Tesla Motors Inc Believers: Don’t Be Afraid Of Volatility

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Tesla Motors stock has been known to be uneven, hitting a high of $280 per share in September and falling down again at the end of 2014. Again on Thursday, the stock moved up over $200.

Tesla stock and volatility

Investors who are confident in the future of the electric car maker “have to go along for that ride” in volatility, believes Adam Jonas, head of global auto research at Morgan Stanley.

Talking on CNBC’s Squawk Alley, on Thursday, the analyst said, “If you can’t handle that type of thing this stock is not for you.”

Jonas stated that the stock will be accompanied by continued volatility owing to its mission to “change the world fundamentally,” but even then the stock is a good choice for investors who believe in the company.

“We can still justify [$280 per share] as a niche manufacturer with really fun-to-drive vehicles,” he said.

Price target lowered

Recently Morgan Stanley lowered its price target on Tesla Motors from $290 per share to $280 owing to a number of factors such as the stronger U.S. dollar, lower oil prices and slow sales in China. Even though Tesla Motors (NASDAQ:TSLA) stock was up Thursday, it still represents a good buying opportunity, believes Jonas, who maintains his Overweight rating on the stock.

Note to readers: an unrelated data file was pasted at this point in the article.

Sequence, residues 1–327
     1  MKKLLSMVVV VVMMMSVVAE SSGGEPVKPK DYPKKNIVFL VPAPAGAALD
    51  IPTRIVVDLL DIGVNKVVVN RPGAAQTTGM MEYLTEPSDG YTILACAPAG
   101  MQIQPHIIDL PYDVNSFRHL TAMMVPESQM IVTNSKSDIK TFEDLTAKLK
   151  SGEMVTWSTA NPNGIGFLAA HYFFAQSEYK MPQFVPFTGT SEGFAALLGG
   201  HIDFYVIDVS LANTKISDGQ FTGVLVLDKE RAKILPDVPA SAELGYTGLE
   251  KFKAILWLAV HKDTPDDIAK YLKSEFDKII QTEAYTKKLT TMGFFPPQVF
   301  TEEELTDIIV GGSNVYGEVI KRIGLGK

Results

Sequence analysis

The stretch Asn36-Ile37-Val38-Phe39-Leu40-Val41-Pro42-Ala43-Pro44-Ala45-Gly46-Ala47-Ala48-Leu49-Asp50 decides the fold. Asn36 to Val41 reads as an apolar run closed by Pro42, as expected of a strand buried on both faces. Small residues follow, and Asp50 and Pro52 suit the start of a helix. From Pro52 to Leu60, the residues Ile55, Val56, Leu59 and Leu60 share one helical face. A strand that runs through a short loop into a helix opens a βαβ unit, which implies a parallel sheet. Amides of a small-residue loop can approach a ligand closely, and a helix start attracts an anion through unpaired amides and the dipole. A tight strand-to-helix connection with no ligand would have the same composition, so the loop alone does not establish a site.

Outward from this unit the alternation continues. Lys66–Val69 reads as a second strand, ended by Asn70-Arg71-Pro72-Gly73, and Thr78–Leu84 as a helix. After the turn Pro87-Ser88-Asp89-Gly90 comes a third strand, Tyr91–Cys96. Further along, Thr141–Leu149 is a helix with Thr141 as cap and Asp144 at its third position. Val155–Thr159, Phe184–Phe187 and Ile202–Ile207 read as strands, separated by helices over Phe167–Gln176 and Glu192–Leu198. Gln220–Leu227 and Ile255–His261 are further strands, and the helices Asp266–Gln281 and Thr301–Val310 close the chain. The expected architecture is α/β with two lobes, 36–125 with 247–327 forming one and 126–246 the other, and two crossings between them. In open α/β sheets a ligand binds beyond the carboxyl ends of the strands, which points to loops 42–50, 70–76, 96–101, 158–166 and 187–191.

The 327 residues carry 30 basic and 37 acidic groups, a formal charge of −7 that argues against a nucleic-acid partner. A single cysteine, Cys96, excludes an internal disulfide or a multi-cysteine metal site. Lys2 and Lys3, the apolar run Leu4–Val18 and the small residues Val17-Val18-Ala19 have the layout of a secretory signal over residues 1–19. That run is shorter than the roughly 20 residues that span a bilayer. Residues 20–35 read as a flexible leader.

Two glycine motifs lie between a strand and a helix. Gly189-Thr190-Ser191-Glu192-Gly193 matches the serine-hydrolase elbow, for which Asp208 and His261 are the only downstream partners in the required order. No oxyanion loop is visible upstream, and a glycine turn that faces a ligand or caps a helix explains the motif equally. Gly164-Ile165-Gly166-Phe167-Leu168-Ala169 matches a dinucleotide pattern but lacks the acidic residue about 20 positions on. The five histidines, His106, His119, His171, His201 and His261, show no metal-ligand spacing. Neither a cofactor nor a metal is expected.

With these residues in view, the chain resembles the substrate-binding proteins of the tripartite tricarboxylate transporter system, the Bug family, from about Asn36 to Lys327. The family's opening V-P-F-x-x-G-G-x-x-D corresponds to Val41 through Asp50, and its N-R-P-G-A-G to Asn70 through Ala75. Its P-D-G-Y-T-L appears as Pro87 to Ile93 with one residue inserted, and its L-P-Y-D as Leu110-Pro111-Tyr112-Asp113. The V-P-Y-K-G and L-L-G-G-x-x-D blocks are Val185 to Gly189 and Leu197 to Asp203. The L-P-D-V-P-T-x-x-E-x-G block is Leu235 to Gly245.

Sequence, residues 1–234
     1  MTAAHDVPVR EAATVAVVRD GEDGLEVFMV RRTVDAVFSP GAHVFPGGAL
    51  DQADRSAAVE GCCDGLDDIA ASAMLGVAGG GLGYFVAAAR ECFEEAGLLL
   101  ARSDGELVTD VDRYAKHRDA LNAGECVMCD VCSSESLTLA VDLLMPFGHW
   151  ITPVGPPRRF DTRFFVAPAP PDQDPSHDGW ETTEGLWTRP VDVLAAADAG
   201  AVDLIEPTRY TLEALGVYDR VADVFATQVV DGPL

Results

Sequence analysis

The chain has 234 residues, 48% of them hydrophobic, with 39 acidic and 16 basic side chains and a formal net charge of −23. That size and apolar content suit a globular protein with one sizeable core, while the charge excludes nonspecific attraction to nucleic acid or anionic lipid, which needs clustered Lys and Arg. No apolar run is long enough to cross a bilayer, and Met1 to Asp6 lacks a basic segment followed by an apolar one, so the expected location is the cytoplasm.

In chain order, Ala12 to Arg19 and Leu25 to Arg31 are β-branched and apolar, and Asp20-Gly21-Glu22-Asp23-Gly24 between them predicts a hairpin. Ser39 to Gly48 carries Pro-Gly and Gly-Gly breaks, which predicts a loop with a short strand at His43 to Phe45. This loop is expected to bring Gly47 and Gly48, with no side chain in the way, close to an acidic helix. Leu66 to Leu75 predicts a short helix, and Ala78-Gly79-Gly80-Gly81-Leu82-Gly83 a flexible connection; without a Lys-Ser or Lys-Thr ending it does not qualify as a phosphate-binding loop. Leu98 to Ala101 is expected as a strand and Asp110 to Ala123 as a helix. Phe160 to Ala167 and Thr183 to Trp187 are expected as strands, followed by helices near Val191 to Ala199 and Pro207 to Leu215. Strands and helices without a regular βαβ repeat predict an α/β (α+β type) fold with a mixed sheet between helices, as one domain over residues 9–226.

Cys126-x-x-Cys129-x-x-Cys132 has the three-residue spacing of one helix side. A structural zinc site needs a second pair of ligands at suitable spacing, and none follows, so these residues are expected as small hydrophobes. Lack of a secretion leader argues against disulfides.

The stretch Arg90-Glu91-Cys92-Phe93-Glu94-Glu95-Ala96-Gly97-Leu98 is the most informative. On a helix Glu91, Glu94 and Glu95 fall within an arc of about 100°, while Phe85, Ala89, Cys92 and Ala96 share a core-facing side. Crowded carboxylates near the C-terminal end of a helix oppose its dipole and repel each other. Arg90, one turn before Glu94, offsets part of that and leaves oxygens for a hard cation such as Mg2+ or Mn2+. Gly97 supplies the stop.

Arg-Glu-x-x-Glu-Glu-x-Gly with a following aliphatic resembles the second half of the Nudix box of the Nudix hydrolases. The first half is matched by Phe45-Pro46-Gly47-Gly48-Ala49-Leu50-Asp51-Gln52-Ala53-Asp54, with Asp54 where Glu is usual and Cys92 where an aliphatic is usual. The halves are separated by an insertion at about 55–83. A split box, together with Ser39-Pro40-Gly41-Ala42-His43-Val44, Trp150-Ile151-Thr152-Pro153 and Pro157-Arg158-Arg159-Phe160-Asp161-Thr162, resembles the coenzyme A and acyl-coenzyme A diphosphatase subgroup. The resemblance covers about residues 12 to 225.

In a recent research report, Jonas said he trimmed his fourth quarter estimate from 11,165 to 9,993 units. After the revised estimate, the full-year tally comes to 31,814, which is over 1,000 units below the company’s own guidance. Jonas also lowered his gross margin estimate from 29.6% to 28% owing to the lower volume estimate and the strengthening of the U.S. dollar.

Talking about the impact of the strengthening U.S. dollar, Jonas noted that the company could see continued pressure owing to the amount of exposure it has to international markets. For Tesla Motors (NASDAQ:TSLA), more than half of its sales come from outside the U.S., while its production is fully based in the U.S. Jonas estimated that around 30% of Tesla’s sales will probably come from Europe this year. So if the euro weakens by 10% against the U.S. dollar, it could mean a $100 million loss for Tesla (excluding any hedging efforts).

According to the analyst, overall sentiments are positive on Tesla Motors, primarily due to the company’s technology, which many believe will makebtraditional car engines “obsolete” in a few years.

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